Many pre-existing programmes will see substantial increases in funding. Programmes such as the USDOT’s Rebuilding American Infrastructure with Sustainability and Equity (RAISE) grant programme recently released a Notice of Funding Opportunity for 2022 that reflects a surge in funding capacity. The RAISE grant programme now has $1.5bn billion to invest in regional projects, which marks a 50% increase from the average in previous years.
Numerous other existing grant programmes will see equally dramatic increases in funding. Infrastructure money will bolster programmes such as the US Department of Agriculture’s (USDA) ReConnect Programme, which will open with a funding capacity of $2bn to build out rural broadband. The Federal Emergency Management Agency’s $3.5bn Flood Mitigation Assistance Programme will have $2bn in funds for the next five cycles for the Port Infrastructure Development Programme to modernise and expand US ports. Funding applications will be accepted beginning in February, so these funds are expected to be available sooner than most.
Key role of states and their leaders
In the past, state leaders have been able to direct a major part of federal funding to specific destinations and to specific projects. The infrastructure law preserves their authority, thus creating a need for officials in public agencies and local governments to convince state leaders to fund their projects.
Some states have guidelines that cities, counties and other local entities will use when preparing to vie for federal funding. Other states have not yet completed that process. And one provision that has garnered too little attention is the requirement in a number of new grant programmes for regional projects to have secured local matching dollars. This prerequisite will force officials at the local levels of government to earmark project funding in annual budgets.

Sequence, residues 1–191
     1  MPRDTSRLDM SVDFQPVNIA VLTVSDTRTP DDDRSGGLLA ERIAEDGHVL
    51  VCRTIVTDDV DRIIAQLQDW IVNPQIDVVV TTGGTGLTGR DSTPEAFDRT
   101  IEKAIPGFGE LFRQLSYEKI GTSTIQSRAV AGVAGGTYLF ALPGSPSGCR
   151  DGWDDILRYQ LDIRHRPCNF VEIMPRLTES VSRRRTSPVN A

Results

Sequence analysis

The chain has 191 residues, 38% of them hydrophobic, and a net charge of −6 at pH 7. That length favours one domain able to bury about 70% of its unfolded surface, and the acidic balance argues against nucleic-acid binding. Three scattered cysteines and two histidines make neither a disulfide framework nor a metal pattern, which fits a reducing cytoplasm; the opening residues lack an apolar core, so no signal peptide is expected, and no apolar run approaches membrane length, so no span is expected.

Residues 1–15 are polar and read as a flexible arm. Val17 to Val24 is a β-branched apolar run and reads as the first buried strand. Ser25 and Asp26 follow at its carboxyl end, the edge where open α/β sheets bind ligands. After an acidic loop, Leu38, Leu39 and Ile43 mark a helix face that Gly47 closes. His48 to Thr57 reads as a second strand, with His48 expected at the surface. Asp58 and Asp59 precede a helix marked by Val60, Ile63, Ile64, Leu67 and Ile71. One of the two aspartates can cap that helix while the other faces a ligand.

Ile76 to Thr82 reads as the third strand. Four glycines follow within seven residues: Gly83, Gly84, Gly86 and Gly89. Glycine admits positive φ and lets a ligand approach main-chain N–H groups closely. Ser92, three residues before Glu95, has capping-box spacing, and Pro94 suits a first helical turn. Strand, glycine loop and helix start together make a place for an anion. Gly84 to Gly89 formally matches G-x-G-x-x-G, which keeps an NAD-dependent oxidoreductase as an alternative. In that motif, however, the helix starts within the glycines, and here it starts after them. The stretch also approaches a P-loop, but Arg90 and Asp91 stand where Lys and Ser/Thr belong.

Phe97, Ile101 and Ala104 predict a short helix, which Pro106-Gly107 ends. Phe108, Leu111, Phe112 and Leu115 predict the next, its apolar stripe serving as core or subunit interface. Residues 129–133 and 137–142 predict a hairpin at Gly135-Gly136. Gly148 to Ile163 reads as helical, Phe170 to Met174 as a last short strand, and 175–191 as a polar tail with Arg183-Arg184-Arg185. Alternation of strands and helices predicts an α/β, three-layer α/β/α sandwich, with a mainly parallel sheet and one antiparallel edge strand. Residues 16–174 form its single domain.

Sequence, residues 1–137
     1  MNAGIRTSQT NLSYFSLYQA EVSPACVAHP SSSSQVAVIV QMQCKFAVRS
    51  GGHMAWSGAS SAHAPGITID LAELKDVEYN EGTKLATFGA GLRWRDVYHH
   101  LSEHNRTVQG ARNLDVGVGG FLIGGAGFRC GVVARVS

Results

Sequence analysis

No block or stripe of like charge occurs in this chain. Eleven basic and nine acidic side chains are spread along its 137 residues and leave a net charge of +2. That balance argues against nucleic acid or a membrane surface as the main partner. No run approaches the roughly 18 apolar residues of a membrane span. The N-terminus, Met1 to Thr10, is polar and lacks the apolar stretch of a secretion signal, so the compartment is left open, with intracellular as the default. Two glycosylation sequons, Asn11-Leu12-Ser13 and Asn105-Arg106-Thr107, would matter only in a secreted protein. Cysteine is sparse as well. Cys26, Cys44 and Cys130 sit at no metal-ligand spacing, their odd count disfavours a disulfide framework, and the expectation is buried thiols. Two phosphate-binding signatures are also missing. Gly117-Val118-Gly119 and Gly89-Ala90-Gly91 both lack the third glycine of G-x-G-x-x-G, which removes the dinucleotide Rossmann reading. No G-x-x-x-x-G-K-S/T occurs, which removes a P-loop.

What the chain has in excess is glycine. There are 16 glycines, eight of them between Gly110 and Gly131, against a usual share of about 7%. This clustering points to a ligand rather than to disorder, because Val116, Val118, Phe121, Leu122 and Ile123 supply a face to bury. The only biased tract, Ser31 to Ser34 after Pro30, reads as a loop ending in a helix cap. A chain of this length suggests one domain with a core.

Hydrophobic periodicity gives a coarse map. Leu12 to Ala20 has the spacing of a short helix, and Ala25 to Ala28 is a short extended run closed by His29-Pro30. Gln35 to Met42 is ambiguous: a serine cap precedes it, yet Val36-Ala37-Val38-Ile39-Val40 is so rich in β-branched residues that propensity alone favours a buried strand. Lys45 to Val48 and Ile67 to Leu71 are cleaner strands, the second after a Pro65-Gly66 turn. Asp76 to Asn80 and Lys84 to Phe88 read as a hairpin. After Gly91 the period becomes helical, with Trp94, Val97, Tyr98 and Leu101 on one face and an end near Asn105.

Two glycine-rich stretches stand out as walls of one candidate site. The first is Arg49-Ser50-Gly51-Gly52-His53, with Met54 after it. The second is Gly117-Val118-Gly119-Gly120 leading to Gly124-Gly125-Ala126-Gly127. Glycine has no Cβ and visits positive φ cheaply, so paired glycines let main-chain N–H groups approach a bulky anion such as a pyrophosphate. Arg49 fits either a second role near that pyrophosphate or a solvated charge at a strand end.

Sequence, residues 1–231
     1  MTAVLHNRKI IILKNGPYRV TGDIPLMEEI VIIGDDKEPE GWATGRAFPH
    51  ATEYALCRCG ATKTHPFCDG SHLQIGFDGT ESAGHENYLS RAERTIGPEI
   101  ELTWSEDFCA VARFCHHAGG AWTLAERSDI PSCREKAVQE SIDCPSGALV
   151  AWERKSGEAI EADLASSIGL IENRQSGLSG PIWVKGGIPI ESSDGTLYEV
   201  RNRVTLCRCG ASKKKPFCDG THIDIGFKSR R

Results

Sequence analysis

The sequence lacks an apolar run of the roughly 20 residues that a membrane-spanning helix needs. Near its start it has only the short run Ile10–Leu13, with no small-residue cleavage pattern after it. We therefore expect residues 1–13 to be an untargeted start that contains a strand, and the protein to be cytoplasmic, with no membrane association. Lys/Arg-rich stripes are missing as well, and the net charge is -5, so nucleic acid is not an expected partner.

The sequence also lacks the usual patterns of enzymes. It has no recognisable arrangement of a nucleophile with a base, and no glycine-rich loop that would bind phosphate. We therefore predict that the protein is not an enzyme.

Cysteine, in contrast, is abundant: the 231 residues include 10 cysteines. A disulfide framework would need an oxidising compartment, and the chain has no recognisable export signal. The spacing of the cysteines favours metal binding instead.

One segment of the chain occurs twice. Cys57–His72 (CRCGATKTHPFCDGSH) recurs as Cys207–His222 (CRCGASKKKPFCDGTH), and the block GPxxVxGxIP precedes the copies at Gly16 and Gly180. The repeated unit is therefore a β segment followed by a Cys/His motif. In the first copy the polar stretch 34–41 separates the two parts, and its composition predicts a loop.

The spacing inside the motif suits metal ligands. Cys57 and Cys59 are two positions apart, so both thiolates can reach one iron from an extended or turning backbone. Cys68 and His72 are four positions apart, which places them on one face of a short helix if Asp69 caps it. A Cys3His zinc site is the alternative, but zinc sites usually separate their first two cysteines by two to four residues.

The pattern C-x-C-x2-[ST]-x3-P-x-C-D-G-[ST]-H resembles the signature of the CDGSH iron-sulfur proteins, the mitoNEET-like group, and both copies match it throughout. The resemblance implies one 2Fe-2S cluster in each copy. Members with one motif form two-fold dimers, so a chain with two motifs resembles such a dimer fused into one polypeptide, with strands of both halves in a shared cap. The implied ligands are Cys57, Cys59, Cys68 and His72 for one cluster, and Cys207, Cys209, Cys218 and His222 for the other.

The state of Alaska is planning to pursue an aggressive, and perhaps wise, method of pursuing federal funding. Lawmakers in the Alaska State House are discussing plans to establish local committees to monitor projects that provide appropriate opportunities to tap into infrastructure funding. Because the new programmes are numerous and somewhat complicated, this type of initiative will likely provide a good return on investment.
Although infrastructure assets have been maintained and cared for locally in the past, the infrastructure law will influence that to some degree in the future. Federal agencies that disburse infrastructure funding will be required to prioritise certain types of projects. For example, the new statute allocates over $100m to the Federal Transit Administration with a mandate to disburse the money to initiatives that will result in positive outcomes for equity and sustainability.
Another large funding allocation to the Infrastructure for Rebuilding America grant programme mandates that the monies are disbursed to projects that address climate change, environmental justice and racial equity.
It is impossible, of course, to structure legislation this large that will please all parties and stakeholders. But the new funding will result in a generation-changing economic impact and a national infrastructure upgrade that has been desperately needed for decades. It is important to know as much as possible about the opportunities that will exist for every region of the US.
Mary Scott Nabers is president and CEO of Strategic Partnerships Inc, a business development company specialising in government contracting and procurement consulting throughout the US.